The Process of Kintsugi Works
Watanabe-san explained the basic process of Kintsugi works. The techniques of Kintsugi are extensive. They depend on the cracking level, the owner’s requests, and materials. Here is a simple time line of the process.
1. First, the intentions for the final design must be considered. Kintsugi is not a simple restoration. Energy, thoughtfulness, and intelligence are required to produce the desired results. In addition, the final results should be considered in coordination with the pottery design.
2. The cracked pieces are glued back together with Glue Lacquer.
Glue Lacquer (Noriurushi) is made by mixing Raw Lacquer (Kiurushi) and non-glutinous rice powder (Joshinko) at the ratio of 1:1. The cracked parts are subsequently glued back together with the Glue Lacquer and fixed with tape.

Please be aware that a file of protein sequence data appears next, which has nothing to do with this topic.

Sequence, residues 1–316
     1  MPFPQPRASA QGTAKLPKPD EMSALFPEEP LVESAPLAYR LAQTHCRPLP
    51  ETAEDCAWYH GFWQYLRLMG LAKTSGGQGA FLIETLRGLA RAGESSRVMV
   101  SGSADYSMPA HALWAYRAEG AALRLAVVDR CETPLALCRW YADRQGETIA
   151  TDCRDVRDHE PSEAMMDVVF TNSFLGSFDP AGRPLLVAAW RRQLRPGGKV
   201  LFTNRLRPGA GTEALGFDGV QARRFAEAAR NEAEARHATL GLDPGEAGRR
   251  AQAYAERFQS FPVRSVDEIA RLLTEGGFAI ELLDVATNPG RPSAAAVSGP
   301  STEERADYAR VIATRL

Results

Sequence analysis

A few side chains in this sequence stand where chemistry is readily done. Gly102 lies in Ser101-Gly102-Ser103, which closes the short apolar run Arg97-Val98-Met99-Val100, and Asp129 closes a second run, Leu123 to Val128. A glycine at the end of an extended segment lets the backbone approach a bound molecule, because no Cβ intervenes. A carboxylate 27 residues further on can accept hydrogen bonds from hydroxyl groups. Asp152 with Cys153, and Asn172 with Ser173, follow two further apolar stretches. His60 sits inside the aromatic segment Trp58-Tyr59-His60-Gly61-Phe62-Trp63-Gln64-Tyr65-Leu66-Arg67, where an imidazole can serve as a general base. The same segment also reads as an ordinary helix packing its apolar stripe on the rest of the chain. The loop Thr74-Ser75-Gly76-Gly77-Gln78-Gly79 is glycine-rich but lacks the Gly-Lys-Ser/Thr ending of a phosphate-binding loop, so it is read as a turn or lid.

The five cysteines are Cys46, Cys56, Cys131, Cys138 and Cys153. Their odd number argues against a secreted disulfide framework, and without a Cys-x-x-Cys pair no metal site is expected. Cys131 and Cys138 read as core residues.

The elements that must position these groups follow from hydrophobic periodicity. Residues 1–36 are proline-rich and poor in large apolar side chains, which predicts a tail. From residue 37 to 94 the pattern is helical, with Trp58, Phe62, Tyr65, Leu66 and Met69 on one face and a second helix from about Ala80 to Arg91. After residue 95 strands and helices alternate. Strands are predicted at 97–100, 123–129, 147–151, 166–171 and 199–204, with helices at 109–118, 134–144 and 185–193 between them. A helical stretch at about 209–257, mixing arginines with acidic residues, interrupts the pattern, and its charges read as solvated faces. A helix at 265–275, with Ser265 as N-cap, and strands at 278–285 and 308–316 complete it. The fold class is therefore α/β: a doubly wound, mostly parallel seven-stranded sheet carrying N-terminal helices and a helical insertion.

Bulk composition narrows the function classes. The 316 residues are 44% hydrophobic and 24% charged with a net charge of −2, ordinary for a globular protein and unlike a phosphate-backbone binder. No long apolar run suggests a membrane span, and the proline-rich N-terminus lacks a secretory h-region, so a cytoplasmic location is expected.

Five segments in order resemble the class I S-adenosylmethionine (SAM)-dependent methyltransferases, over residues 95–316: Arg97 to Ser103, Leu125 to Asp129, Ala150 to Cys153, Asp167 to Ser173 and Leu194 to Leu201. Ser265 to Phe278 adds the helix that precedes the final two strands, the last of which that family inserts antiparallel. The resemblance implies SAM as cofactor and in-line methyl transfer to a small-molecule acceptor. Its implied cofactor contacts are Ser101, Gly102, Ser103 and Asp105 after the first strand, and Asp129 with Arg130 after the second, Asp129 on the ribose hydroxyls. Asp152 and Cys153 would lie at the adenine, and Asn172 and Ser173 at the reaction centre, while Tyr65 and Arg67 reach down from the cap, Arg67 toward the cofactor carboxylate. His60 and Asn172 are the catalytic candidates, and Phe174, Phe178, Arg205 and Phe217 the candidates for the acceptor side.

Using barley—instead of Joshinko—could be a choice. They must be dried in Muro for 3 to 7 days.
3. The cracked parts are filled with Pate (Sabiurushi).
Pate (Sabiurushi) is made by mixing Raw Lacquer and clay powder (Tonoko). The Pate is then used to fill the cracks and small spaces to make it harder.
When the Sabiurushi dries, the surface is smoothed with waterproof paper in water.
4. Applying black Lacquer (Kurourushi).
Black Lacquer (Kurourushi)—which contains ferric-oxide—is applied twice to increase the water resistance so that they can be washed in water.
5. The application of Bengara Urushi and the spreading of Gold powder.
Bengara Urushi is a half-translucent Lacquer. Gold powder is spread on the Bengara Urushi before the Lacquer dries to further increase durability and beauty. The paint is subsequently left to dry.